Also there is this hardy perennial.

The UK current account deficit widened by £0.7 billion to £23.7 billion in Quarter 4 (Oct to Dec) 2018, or 4.4% of gross domestic product (GDP), the largest deficit recorded since Quarter 3 (July to Sept) 2016 in both value and percentage of GDP terms….Annually, the UK current account deficit widened to 3.9% of GDP in 2018, compared with 3.3% in 2017.

Regular readers will be aware I have major doubts about the accuracy of these numbers, specifically about the lack of detail we get about the important services sector. However the trend was worse last year probably driven by the weakening trade outlook generally. Here is how we paid for it.

The UK mainly financed its current account deficit through portfolio investment, where UK investors disinvested in foreign equity and debt securities, while overseas investors increased their holdings of UK debt securities.

Even more care is needed with those numbers as when you start looking into them they are built on what are often in my opinion dubious assumptions.

Unsecured Credit

With house price growth slowing Bank of England Governor Mark Carney will have a an even deeper frown today as he reads this.

The annual growth rate of consumer credit has continued to slow, though more gradually than during the second half of 2018. At 6.3% in February , it was well below its peak of 10.9% in November 2016. Within this, the growth rate of both credit card lending and other loans and advances fell slightly.

The rest of us will have another sigh of relief although there are two problems. The first is that an annual rate of growth of 6.3% is far higher than anything else in the economy. It is around double the rate of wage growth and more than quadruple the annual economic growth we have seen. The other is that the latest two monthly numbers at £1.2 and now £1.1 billion show signs of a rebound so it is a case of “watch this space” for subsequent months.

Money Supply

We saw some broad money growth in February.

The total amount of money held by UK households, private non-financial corporations (PNFCs) and non-intermediary other financial corporations (NIOFCs) (broad money or M4ex) increased by £3.6 billion in February.

The waters were muddied by a large Gilt maturity in February and the Operation Twist QE bond buying we have seen in March so far. Meaning we may see a pick up in the March data although it is unclear how much will be recorded as being the financial sector and hence ignored. The annual rate of growth at 2% in February is little to write home about but was a rise.


The UK data releases have been pretty solid today. Economic growth has been revised higher and there is a hint of better money supply growth. This comes with the usual caveats of high unsecured credit growth and a balance of payments deficit. Let me move onto the numbers which illustrate my point via something which gets widely ignored in the UK data which is inventories or stocks. I was struggling to get my head around this.

There was a £4.2 billion increase in inventories in Quarter 4 2018, including alignment adjustments and balancing adjustments. However, excluding these adjustments the estimates show a slight decrease of £1.2 billion in stocks being held by UK companies.

If you are going Eh? “You are not alone” as Olive sang but let me help out by pointing out there was a £3 billion balancing adjustment in the numbers which is quite a bit more than the economic growth reported so let us hope they were right.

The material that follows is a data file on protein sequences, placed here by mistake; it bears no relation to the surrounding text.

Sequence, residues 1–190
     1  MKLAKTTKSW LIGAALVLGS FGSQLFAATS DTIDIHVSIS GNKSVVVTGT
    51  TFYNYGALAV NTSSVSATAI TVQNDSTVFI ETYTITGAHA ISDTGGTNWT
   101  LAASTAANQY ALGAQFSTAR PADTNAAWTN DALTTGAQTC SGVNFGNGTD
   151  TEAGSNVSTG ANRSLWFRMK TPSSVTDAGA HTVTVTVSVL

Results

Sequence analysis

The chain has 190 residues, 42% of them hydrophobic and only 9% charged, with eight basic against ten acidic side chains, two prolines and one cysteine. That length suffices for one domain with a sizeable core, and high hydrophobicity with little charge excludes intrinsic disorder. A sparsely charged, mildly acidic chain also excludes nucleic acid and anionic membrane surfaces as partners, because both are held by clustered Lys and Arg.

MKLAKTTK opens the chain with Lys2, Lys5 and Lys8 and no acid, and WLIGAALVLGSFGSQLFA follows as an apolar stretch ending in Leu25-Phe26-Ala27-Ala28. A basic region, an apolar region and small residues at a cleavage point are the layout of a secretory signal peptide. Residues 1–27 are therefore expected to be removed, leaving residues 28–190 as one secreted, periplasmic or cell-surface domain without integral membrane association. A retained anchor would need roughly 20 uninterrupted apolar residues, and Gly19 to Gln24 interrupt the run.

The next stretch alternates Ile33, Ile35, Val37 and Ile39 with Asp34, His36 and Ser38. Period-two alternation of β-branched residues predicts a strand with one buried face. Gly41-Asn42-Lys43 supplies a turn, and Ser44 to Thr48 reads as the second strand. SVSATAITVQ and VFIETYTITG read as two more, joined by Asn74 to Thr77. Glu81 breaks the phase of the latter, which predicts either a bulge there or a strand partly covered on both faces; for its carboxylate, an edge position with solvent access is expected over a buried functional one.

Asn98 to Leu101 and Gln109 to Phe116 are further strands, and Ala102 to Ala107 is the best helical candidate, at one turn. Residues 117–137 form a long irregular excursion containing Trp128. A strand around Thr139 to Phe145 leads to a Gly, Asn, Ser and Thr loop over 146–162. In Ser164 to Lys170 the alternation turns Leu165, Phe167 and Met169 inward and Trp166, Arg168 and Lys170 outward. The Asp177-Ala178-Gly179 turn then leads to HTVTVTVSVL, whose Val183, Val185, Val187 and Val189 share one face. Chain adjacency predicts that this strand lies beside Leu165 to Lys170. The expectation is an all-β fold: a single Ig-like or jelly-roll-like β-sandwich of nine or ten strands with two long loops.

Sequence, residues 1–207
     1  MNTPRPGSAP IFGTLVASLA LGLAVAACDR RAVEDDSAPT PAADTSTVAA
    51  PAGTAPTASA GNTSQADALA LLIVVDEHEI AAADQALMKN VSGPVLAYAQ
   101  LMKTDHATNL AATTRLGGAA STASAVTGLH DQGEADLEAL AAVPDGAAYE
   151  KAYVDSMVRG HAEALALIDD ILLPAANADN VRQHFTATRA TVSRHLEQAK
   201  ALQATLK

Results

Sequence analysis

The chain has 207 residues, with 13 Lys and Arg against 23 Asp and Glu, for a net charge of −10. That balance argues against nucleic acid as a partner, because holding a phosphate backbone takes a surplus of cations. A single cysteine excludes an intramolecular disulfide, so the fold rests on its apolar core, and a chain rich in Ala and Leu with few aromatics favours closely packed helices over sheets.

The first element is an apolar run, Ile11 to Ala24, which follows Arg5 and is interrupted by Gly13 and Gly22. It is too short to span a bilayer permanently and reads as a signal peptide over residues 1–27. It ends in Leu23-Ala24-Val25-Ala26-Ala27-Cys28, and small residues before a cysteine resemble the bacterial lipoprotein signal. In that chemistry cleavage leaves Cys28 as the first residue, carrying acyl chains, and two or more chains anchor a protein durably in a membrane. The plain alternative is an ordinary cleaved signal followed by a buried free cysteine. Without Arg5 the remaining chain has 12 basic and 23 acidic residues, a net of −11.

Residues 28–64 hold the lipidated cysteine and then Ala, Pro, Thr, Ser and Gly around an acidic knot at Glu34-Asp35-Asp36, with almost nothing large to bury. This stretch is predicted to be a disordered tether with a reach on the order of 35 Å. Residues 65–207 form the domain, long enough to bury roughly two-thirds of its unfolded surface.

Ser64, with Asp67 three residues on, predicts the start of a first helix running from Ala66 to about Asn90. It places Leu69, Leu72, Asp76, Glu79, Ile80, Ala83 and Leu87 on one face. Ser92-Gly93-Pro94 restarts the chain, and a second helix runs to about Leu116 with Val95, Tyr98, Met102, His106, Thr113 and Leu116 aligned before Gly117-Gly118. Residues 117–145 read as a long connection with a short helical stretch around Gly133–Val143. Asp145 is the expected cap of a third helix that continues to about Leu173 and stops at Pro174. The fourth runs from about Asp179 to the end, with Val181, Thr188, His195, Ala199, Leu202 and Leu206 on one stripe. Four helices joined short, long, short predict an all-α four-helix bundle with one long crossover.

Let me end on some better news as there was this also.

Nominal gross domestic product (GDP) grew by 0.7% in Quarter 4 (Oct to Dec) 2018, revised up from 0.6% in the first quarterly estimate.






It is a case of harder times for the US economy

A feature of the current world economic slowdown has been that the United States has been outperforming its peers. Some of that has been genuine and some simply because the news flow was slowed by the time Federal workers were unpaid. However the chill winds are now being recorded and reported. From the Atlanta Fed.

The GDPNow model estimate for real GDP growth (seasonally adjusted annual rate) in the first quarter of 2019 is 0.4 percent on March 13, up from 0.2 percent on March 11. After reports on durable manufacturing and construction spending were released by the U.S. Census Bureau this morning, the nowcast of first-quarter real gross private domestic investment growth increased from -2.9 percent to -2.4 percent, and the nowcast of first-quarter real government expenditures growth increased from 1.7 percent to 2.5 percent.

As you can see the latest data nudge things a little higher but only to the giddy heights of 0.1% per quarter as we record GDP growth. It is noticeable that investment growth is is still solidly negative whilst we are seeing the Trump fiscal expansion in play perhaps also. Whilst one may disagree with the details of it the plan is turning out to be anti-cyclical as fiscal policy is supposed to be as opposed to the pro cyclical effort that we observed so devastating the Greek economy only yesterday.

Stuck like glue

However the head of the Atlanta Fed Ralph Bostic wants us to focus on other matters.

The U.S. economy, by most standard metrics, is doing pretty good,” he said. “We’ve been in a growth trajectory for 10 years now coming out of the Great Recession. Unemployment is at historic lows, 3.8 or 3.9 percent — rates we have not seen since the 1960s. Job creation is happening somewhere around 200,000 to 250,000 jobs a month. And we’re not seeing signs of accelerating inflation.

So classic deflection territory as whilst that was true when he made the speech on the 5th by the 8th we had a rather different view on job creation.

Total nonfarm payroll employment changed little in February (+20,000)

That seemed rather extreme so let us look for some perspective.